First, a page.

Sunday , June 23 2024

Offshore wind power project proposed for HCMC


HCMC’s Department of Industry and Trade has proposed a wind power project in the remote district of Can Gio.

The proposed seaside project could generate up to 6,000 MW of electricity for the national grid.

Costing VND400 trillion (US$16.9 billion), the project would begin generating energy in 2030, the department said in a proposal made to the city’s People’s Committee.

The project would be built by a Japanese – Vietnamese joint venture and cover 325,000 ha of water off Can Gio District, as well as 8 ha of space at the Hiep Phuoc Industrial Park in rural Nha Be District.

The department said it had collected opinions from related agencies, including Can Gio authorities, and the Ho Chi Minh City Power Corporation, before recommending the project to the city government.

It said the project will help the development of green energy in Vietnam. But the use of 325,000 ha of water surface will have significant impacts on the operation of cargo ships and fishing activities, as well as the environment, especially the mangrove forests of Can Gio.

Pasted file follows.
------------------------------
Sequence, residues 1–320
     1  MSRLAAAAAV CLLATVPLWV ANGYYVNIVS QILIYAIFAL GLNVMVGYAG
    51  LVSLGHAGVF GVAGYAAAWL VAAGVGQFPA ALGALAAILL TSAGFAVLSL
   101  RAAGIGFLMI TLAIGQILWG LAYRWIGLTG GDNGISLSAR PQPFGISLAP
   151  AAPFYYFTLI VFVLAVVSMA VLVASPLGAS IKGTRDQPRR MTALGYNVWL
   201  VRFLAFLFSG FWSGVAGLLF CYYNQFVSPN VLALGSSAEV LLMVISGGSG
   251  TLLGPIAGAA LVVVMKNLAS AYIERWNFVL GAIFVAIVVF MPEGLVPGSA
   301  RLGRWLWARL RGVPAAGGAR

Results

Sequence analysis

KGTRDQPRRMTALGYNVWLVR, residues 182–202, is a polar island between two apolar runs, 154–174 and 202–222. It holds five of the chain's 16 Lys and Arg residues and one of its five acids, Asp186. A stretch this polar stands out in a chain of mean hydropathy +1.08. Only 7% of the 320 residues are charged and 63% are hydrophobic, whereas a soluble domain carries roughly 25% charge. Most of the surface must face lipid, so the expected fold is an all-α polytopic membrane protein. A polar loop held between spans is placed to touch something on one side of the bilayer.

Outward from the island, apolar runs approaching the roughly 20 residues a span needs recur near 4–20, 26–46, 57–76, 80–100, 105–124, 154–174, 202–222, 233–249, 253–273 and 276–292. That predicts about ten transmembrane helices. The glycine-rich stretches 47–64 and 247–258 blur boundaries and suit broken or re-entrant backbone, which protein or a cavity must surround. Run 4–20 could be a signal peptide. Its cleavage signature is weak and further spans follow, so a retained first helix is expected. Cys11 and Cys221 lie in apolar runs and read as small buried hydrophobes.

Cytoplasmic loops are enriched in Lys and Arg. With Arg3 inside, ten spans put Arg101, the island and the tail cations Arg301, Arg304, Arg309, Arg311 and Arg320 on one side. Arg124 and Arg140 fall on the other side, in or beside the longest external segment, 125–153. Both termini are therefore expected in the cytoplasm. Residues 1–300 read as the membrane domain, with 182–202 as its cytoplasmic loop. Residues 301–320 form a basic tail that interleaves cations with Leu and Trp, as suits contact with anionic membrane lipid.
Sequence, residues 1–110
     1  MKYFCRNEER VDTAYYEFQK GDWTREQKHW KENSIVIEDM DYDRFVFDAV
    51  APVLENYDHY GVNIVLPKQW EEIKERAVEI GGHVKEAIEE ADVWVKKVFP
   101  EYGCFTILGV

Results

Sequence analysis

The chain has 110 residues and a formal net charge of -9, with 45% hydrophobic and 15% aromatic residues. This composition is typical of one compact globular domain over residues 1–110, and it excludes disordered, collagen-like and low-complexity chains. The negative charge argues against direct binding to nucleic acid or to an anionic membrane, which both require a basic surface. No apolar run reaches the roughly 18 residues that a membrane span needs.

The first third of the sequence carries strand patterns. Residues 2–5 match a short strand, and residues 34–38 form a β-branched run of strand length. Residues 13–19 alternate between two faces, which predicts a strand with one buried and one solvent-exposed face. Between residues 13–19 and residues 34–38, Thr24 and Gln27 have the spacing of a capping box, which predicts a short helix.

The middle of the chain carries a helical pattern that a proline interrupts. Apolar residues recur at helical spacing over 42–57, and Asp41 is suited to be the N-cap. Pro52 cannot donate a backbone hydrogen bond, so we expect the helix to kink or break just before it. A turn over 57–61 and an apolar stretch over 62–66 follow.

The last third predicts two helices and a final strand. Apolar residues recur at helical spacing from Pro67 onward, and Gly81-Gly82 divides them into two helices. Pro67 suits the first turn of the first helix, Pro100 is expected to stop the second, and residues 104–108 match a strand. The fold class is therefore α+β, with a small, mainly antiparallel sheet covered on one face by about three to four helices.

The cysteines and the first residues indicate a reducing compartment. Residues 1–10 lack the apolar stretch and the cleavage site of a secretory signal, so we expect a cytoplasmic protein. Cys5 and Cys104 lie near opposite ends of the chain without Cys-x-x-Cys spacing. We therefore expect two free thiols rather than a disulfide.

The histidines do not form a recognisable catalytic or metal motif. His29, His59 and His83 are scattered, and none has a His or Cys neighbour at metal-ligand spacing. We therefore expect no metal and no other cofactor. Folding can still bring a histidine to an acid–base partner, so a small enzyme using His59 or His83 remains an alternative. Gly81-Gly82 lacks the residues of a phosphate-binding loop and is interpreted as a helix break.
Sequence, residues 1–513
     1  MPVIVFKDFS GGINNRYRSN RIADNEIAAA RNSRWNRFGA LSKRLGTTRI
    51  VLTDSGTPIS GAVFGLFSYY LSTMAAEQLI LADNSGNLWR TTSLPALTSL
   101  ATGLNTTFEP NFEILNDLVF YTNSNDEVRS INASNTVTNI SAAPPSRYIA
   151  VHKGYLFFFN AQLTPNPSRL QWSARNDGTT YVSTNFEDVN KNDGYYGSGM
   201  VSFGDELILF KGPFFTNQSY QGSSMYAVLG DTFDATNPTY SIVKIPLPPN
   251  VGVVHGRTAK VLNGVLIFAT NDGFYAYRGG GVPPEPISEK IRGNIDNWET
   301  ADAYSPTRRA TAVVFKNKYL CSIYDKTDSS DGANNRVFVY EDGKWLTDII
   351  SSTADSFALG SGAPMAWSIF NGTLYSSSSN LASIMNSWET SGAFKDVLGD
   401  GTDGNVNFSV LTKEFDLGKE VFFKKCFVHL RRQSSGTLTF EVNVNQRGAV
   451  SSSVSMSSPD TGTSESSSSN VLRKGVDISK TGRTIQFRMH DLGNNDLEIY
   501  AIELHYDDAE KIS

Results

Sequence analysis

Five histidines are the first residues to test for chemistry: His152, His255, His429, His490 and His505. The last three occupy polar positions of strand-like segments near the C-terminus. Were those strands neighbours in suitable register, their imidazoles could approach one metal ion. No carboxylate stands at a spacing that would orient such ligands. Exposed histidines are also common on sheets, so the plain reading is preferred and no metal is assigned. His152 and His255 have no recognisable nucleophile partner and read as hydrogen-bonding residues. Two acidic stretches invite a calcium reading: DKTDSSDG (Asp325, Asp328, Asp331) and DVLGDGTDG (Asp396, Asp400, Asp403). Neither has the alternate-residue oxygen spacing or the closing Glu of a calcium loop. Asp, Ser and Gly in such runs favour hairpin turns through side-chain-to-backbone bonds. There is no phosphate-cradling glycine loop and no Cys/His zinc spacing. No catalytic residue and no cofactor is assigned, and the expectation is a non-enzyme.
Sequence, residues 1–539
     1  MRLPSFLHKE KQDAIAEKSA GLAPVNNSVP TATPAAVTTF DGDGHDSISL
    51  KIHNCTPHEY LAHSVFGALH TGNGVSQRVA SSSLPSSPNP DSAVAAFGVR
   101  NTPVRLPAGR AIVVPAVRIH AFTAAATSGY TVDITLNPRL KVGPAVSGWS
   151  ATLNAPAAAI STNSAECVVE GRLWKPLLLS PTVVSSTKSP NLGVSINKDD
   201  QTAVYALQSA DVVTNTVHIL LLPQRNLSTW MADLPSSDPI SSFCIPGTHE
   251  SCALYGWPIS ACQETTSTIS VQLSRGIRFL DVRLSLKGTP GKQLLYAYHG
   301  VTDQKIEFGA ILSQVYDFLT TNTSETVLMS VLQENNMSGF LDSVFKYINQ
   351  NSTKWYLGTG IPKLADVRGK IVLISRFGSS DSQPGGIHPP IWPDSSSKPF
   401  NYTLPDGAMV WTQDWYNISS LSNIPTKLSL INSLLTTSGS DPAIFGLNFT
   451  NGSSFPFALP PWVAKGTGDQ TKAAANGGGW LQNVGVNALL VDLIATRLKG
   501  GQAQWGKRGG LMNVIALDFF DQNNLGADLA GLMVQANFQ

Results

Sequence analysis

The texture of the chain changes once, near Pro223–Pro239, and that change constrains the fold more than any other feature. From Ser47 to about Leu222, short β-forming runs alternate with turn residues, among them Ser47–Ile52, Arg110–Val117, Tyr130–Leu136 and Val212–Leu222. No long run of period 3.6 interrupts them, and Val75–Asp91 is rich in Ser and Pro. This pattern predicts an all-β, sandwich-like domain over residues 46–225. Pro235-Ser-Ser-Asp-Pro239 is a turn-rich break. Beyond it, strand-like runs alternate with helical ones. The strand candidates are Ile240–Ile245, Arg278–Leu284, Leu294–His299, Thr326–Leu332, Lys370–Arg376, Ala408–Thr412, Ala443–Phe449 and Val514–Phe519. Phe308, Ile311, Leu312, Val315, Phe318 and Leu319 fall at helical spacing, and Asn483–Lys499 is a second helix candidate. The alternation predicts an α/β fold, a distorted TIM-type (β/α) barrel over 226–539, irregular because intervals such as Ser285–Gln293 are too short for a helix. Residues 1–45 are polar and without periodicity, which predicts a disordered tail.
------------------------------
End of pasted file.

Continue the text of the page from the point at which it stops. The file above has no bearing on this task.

Therefore, the project needs to go through a careful assessment.

As the only seaside district of HCMC, Can Gio lies about 50 km from the city’s downtown.

It is home to a mangrove forest recognized by UNESCO as Vietnam’s first biosphere reserve in 2000.

According to the Industry-Trade Department, HCMC consumes 25 billion MW of electricity, or 10% of the country’s total consumption, every year.

The city does not have its own source of power and has so far taken most of it from the Phu My Thermal Power Company in the neighboring province of Ba Ria – Vung Tau.

According to the National Power Development Plan, Vietnam will strive to increase the share of renewable energy in the country’s power mix from the current rate of 16.7% to 30.9-39.2% by 2030 and 67.5-71.5% by 2050.

The government estimates that total capacity of offshore wind power for new energy production should reach about 15,000 MW by 2035 and around 240,000 MW by 2050.

From now to 2025, there is no limit to the capacity of rooftop solar power development provided that the prices are reasonable and the existing transmission network is not overloaded, particularly in the areas where power shortage is likely to occur.

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